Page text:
Place an image in a moving video

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First: Watch the following video: https://youtu.be/QGS5Y-TStd8

I want to accomplish this with Camtasia 8. However, I have several questions. First the title slide is actually no problem, but afterwards I want to be able to put any background behind the spokesperson. How can I accomplish that? Secondly, I also want to be able to put the lower third into the same screen as the spokesperson or would I have to have that on the video and just place callouts in the appropriate areas for the Company name and Phone Number? I also want to be able to place different logos in the area to the left of the lower third. Is there a way to place either a screen capture or a created image inside of the moving iPad area. If you notice, the person is actually moving their fingers and their is movement from the wind blowing the tree palms in the background. Is it possible to do this with Camtasia 8 and if so how? In the closing slide, how do I blur out the background and place the appropriate text and images that are seen there? Any and all help would be appreciated.

You can see other types of videos like this in the sidebar of the youtube video to get a better understanding of what I wish to do..
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Adam Garcia

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Posted 4 years ago

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Rick Stone

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Hi there

Generally speaking (or would this be "technically speaking"?) isolating a spokesperson to fill in the background is called "chroma key". Essentially, you record the spokesperson against a solid color background. Typically green or blue. Then in the Camtasia software you have a feature called "Remove a color" that is used to make the green or blue area transparent.

Lower third is done by adding media into an additional track in Camtasia. Think of tracks as being like a desktop. As you lay items on top of the desktop, they cover what is behind them. Now if you were to squat down and look at the side of the desktop, you would see the items "stacked" on top of one another. That's how the tracks work. And really, that's about all you need to know about creating this type of video. You just "build up" the scene by stacking item after item in the different places and arranging them on the timeline.

Cheers... Rick :)
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Adam Garcia

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OK, so all of this is possible...I would just need the appropriate tracks. In this case, I would need the spokesperson in a green screen format, media of the lower third, the title and ending slides, the track of the moving iPad video and the screenshot or image of the review or the testimonial video for the iPad. Is that all correct? Also, if I understand you correctly, to add any background to the spokesperson, I would just need to add another track in the spokesperson areas. Correct? Also, what about the blurred background at the end of the video?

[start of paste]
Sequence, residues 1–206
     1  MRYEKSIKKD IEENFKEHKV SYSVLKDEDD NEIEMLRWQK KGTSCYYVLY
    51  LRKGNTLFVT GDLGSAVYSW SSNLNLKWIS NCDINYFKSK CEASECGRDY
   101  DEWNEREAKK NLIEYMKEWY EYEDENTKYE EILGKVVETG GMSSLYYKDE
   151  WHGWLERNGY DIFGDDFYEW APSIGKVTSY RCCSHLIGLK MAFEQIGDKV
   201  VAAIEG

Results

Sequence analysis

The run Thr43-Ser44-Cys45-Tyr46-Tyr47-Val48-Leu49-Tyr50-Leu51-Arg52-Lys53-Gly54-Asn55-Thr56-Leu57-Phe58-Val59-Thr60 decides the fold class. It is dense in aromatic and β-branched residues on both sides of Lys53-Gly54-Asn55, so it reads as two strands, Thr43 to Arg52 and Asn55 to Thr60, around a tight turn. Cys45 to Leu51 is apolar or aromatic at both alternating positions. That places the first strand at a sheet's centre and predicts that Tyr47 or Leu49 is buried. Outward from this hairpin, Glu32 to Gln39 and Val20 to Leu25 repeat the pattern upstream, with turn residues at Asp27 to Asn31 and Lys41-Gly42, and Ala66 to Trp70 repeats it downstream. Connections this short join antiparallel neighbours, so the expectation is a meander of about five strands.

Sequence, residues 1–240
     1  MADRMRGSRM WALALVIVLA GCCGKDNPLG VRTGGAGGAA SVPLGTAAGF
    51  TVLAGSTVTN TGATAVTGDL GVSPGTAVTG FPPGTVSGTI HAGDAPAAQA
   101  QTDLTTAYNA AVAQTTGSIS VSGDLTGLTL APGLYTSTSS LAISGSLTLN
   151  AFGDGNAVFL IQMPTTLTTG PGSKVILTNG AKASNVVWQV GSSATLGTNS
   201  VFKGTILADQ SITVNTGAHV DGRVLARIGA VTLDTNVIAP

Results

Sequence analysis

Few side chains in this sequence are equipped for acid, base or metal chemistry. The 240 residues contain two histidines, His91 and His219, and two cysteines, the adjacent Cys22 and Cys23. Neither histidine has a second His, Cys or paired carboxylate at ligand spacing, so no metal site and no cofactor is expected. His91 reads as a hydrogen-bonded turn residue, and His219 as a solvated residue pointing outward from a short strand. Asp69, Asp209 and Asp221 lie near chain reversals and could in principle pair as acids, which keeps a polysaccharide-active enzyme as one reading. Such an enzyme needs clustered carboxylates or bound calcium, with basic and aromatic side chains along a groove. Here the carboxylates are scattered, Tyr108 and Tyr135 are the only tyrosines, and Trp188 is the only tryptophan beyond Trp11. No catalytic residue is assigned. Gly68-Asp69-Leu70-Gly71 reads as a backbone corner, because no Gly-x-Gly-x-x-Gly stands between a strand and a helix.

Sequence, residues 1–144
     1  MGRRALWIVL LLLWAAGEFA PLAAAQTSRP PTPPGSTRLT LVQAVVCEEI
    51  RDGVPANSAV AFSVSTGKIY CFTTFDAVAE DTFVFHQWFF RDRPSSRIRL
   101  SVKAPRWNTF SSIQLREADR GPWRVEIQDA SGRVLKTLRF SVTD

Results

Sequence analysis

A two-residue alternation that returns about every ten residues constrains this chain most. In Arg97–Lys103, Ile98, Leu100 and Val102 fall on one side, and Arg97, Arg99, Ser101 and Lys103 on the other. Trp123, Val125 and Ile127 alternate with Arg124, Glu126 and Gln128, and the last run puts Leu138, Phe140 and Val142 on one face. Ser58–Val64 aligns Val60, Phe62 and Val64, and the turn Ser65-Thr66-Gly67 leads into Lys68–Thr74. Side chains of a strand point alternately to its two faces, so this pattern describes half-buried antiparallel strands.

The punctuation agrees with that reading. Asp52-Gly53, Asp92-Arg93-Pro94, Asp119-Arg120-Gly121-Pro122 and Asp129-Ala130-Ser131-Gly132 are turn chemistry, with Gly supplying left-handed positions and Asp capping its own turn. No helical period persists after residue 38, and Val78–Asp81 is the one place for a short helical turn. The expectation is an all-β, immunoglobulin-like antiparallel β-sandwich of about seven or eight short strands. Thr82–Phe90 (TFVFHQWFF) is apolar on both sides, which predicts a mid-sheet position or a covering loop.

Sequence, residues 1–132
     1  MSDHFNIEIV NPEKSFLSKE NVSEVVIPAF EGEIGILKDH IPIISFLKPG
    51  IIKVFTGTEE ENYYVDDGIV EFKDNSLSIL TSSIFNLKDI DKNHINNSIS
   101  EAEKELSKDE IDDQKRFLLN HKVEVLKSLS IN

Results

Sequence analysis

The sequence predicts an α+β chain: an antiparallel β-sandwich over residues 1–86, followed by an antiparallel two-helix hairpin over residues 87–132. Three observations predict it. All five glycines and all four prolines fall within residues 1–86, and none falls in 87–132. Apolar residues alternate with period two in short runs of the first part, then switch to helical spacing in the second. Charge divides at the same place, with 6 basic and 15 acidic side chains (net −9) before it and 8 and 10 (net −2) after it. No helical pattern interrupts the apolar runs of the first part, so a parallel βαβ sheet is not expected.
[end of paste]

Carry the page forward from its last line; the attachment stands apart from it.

(Edited)
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Rick Stone

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Yes, all is possible. Perhaps the background for the spokesperson would be the bottom most track. Then the Spokesperson on the next track up. Lower third on the next track up so it would be in front of both spokesperson and background.

As for the "blurred background", you can likely achieve that using a blur callout. Just size it to cover the entire background. ;)

Cheers... Rick :)
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Adam Garcia

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Excellent! Rick, thanks for all your help. You have no idea how much I appreciate it. We've been looking for a DIY option for this to lower costs. BTW, is there a limit to how many tracks you can have in Camtasia 8? Please continue to follow this as I may have further questions later for you. Again, I appreciate everything.

Adam R. Garcia
(Edited)
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Joe Morgan

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Adam,

I've read through this thread. I've also watched your you-tube video and I understand what you are wanting to do.

 Camtasia created a "First Class" Screen recorder. The Editing Program does a "Decent Job” of editing video.

 I Love Camtasia for recording my computer screen. Then, I create tutorials on how to use computer software. It's second to none for that type work.

 I've got to be 100% honest here. You can spend less money on a more capable video editing program than Camtasia. You can also spend more on one that has  better features and capabilities.

When it's comes to the type of videos you want to produce. You should conceder other options.

 Video editing can be challenging to learn and requires a lot of invested man hours, regardless of the program.

Camtasia is less complicated to work with than some of the other programs out there.   I don't know if you chose Camtasia because you already own it?

 

 Whatever your reasoning may be. In the long run,

A. If you intend on producing a lot of videos like the one you referred to above.

B. Have little or no use for a screen recorder.

C. Are serious about creating first class videos.

 

Camtasia is not the program I would turn to. For more reasons than I care to list here.

 What is my motivation in telling you this??? Just to save you the aggravation of investing a large number of man hours learning how to use Camtasia.

Then, realizing a dedicated Video Editing Program is much better suited to your needs. What happens then???

You purchase a new program and spend a very long time learning how to use the new program. No two video editors have the same workflow or incorporate the same editing techniques.